We Fatah fighters were in fact more agile than the IDF since we carried less gear than they did and could therefore run faster. We also had our bayonets already fixed on our weapons and ready to use while the Israelis were still fumbling to get theirs off their belts and attached. At times they literally ran into our knives.
Whenever they tried to regroup behind one of their tanks, a suicide bomber would leap down from a rooftop with a thunderous explosion of nails and other metal bits. Blood spattered, and body parts flew through the air.
Occasionally throughout the afternoon, there would be a short lull in the fighting while the Israelis barricaded themselves inside a house. We would then quickly set up in the house across the street, from which we would open fire again. We stormed building after building.
Somehow, after seven hours of gruesome combat, a ceasefire was called. I still do not know who arranged that or how it was done. The IDF withdrew and headed downriver to find another bridge they could use for returning to the West Bank. The smoke over al-Karameh began to clear. “We won! We won!” we shouted, slapping each other on the back. “We stood up to the Jews and beat them!” We danced around the four IDF tanks we had destroyed, along with three half-tracks, two armored jeeps, and even one airplane.
The symbolism for us was huge. We had done what the regular Arab armies had failed to do three times: in 1948, 1956, and the previous year. We would be featured the next day in the world’s headlines. We had shown that we Palestinians were no longer just a pitiful clump of refugees. We were a proud and courageous people who had been robbed of our homeland and were on the march to take it back.
I was especially thrilled to commandeer a Willys Jeep that the Israelis had left behind. A vehicle of my own! I invited some of my comrades to jump in for a quick drive through the town.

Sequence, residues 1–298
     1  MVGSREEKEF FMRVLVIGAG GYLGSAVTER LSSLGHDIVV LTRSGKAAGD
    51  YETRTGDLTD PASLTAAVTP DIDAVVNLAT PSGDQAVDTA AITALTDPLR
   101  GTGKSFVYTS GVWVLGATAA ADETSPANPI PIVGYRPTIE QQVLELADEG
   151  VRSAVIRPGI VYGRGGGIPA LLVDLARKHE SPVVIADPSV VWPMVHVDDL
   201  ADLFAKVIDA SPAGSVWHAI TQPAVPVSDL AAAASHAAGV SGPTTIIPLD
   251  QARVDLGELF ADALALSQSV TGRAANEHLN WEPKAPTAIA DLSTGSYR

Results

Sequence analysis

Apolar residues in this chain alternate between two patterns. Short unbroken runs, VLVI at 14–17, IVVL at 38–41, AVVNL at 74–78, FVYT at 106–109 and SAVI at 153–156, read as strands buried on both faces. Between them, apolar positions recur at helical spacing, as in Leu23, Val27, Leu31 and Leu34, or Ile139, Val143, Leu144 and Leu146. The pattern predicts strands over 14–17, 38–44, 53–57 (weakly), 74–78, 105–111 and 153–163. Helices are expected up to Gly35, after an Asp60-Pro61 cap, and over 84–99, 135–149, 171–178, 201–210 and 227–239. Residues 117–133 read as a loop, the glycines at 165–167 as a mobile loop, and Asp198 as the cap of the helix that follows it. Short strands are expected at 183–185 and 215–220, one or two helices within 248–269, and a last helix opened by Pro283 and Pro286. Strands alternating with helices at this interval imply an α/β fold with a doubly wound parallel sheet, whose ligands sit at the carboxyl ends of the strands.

As evening approached, we turned our attention to counting our losses. My unit of eight now numbered only three. Across the village, we went about the somber task of gathering and burying the dead. We mourned the fact that these friends were gone forever. It hurt deep within our souls, and we swore we would avenge them.
The longer we worked, the more we realized we had paid a high price on that day. We eventually tallied 128 dead, several dozen wounded, and 150 missing. These numbers, we had to admit, were probably greater than the losses suffered by the IDF.
But it was all worth it, we told ourselves. The Israelis had come from Jericho, looking for a fight, and we had given them far more than they ever expected. Our cause was now catapulted to a whole new level.
More than anything, we could hold our heads high in the presence of the man in a checkered headdress who had watched the entire battle from a hilltop not far from where I had begun the day. He had seen our bravery, our determination, our sacrifice. The Israelis had wanted desperately to find him that day and kill him, but they had failed. His leadership stood intact. Yasser Arafat was alive and well, and we revered him more than ever.
Copyright © 2008 by Tass Saada. All rights reserved